Outside the livestock arena, where a leaping llama contest had just taken place, seven women posed for a photograph in matching homespun sweaters, all featuring a contrast spider-web design across the décolletage. (One farmer told me it’s common for fiber fans to return every year, showing sellers what they’ve created with last festival’s fleeces.) First-time visitor Sabrina Brokenborough—who traveled from New York City with her friend’s mom—was thrilled to be surrounded by authentic, wholly natural fibers, and to meet the animals that had provided them. A vision in flouncy oatmeal, her headscarf and sweater were hand-crochet from 100 percent cotton yarn. The sweater took Brokenborough two months to make, and was an original design inspired by 1830s garments. “I like to look at historical fashion for my knit and crochet projects,” she explained. “A lot of the things I make have a ton of gathers with lace and frills.” Brokenborough has been crocheting since she was five, and learned to knit in college. She finds the process of forming each stitch to be soothing, “and when you finish your project, you have an immense sense of pride in what you’re wearing.” When she left the fairground, it was with 20 sandy balls of wool from the Brown Sheep Company, sold at a heavy discount. “I love the Lamb’s Pride yarn because it’s 85 percent wool and 15 percent mohair,” Brokenborough said, “And the company makes it permanently moth-proof without harmful insecticides.”
One pervasive condition of modern life is our complete estrangement from the objects that labor produces. When we encounter a product—say, something we eat or wear—we experience it as what Marx terms an “alien entity,” separated from its maker. A bolstering element of the Sheep and Wool festival—beyond the touching of grass and petting sweet-natured animals—is the momentary collapse of this distance, and an unveiling, however small, of the labor-intensive processes behind what we wear. Take the fleece-to-shawl competition, a live three-hour event, where teams comprising four spinners and a weaver produced a 72-by-18-inch design from scratch. The crowd watched as pre-prepared looms were set up; as pre-washed fleece was carded (brushed to remove dirt, and aligned for spinning); and as complex designs emerged, stitch by stitch. According to judge Alice Seeger, a weaver and spinner of 47 years and the founder of Belfast Fiber Arts, extra points were given for using the featured breed’s wool, and for properly navigating its characteristics. “This year, it was a mixture of Leicester Longwool and Merino, a springy fleece which on the loom under tension can seem to be the right measurement, but shrinks when taken off it,” she said.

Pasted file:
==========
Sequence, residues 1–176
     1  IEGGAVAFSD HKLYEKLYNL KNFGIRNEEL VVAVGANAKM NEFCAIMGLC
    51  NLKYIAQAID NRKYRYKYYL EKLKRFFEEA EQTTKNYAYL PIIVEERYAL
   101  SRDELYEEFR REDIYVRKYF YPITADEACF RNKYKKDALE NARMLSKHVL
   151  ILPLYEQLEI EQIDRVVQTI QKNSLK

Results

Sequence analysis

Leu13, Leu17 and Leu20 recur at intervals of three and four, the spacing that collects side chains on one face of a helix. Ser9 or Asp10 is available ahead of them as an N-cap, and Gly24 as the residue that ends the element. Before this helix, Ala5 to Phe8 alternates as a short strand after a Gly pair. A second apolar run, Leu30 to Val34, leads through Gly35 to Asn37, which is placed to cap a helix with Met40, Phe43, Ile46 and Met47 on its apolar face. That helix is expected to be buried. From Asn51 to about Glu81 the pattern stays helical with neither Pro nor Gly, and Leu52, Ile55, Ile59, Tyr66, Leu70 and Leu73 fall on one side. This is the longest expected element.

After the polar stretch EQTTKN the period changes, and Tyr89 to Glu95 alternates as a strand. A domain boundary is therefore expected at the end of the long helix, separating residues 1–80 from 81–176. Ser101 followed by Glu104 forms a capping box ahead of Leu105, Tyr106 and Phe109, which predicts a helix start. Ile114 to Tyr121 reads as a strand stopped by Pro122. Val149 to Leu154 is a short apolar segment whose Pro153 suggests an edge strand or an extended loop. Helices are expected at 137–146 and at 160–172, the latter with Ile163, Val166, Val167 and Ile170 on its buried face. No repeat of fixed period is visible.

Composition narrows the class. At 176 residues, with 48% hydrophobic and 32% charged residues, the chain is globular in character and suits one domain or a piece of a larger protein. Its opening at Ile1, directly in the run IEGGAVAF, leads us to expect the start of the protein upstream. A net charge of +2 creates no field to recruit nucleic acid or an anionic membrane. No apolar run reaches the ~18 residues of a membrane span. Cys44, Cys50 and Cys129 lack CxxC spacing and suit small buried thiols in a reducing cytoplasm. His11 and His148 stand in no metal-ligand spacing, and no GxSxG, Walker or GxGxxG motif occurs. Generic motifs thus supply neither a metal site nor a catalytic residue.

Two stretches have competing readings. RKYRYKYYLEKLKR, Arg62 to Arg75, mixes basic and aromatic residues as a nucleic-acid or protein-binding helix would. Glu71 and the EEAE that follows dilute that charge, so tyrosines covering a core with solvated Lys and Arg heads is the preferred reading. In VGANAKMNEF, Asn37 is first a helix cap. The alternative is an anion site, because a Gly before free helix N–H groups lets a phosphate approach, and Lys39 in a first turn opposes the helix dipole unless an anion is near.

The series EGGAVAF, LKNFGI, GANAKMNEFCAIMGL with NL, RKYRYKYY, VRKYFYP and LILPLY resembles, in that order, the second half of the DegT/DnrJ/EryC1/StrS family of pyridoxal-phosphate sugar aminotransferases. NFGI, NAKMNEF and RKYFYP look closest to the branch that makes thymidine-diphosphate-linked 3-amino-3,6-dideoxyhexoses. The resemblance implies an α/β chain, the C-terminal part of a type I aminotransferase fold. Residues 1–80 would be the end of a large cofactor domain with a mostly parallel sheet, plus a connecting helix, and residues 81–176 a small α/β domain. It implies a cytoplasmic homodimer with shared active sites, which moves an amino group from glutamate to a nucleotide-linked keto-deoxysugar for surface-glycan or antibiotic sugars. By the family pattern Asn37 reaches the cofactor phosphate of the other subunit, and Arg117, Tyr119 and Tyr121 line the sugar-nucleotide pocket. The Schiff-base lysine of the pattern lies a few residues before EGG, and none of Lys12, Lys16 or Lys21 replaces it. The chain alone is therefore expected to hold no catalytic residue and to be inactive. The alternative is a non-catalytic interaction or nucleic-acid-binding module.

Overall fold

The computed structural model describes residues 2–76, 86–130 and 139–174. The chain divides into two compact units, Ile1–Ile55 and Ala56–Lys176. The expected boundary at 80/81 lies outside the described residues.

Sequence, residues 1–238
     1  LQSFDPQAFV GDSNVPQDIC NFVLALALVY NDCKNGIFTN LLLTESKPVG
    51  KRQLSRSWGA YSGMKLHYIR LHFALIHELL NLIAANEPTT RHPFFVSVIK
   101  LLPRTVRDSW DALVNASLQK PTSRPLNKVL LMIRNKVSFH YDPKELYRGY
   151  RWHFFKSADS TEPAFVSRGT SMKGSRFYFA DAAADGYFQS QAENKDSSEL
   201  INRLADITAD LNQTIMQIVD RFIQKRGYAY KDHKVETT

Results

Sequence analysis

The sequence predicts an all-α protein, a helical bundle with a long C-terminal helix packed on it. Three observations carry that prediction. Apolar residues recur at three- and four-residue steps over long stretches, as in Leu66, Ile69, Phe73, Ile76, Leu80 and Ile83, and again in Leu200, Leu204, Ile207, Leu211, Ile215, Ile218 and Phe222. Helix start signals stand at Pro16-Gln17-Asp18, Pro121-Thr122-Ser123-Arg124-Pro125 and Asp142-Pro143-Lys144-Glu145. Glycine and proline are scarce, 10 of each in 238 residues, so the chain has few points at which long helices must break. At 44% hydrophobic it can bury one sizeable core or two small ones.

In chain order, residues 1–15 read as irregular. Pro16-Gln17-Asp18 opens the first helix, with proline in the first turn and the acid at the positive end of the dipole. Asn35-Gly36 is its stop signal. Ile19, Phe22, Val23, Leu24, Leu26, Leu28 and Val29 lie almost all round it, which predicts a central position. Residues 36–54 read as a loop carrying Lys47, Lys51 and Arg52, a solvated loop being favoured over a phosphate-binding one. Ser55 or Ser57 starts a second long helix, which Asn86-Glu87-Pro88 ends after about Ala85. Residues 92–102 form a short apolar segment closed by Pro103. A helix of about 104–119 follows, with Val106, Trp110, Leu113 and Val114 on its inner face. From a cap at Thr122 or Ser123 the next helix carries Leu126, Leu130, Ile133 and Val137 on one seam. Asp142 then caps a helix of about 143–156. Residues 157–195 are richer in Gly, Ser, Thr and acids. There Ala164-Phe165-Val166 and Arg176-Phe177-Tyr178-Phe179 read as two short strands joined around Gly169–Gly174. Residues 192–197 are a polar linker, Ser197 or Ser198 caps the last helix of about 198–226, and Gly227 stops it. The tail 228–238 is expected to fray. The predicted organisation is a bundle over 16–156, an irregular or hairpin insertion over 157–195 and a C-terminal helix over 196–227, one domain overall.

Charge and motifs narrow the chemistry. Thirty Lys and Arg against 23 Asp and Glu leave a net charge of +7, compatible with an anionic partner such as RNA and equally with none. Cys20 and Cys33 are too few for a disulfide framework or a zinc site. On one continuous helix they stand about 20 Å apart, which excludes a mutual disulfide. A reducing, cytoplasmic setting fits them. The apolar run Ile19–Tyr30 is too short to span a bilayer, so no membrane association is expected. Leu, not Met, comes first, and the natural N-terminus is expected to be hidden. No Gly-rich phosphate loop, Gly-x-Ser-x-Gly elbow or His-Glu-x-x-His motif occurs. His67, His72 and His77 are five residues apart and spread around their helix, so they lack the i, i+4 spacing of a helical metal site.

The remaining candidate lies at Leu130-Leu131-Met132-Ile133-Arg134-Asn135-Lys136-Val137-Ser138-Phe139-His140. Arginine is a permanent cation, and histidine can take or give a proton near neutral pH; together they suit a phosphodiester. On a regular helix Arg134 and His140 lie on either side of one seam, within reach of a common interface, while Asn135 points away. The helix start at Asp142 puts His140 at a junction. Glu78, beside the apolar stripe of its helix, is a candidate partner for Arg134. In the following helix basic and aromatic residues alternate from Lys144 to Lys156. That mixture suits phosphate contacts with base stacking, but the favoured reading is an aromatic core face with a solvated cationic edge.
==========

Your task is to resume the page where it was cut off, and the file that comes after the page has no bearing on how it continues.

All three teams, Seeger mentioned, have competed together for years; 2022 winners Spin City actually found each other on MeetUp, and come from diverse backgrounds. “I always say you can make a lot of things when you spin, dye, weave, knit, or crochet,” she said, “But the most important things are the friendships.” Danielle and Greg Fowler, who ran a stall for Yippee Farms, agreed. Since buying their small hobby farm from a friend, and relocating their family there, a new community has materialized around them—and their goats. “Before we purchased our first Cashmere goats, people invited us into their farms to learn how to collect cashmere,” said Danielle. “They invited us to seminars: Cornell University partners with the Cashmere Goat Association, teaching farmers how to care for goats properly. People have been so willing to mentor us on all of it: raising goats, processing fiber, and ultimately, fiber handicrafts.”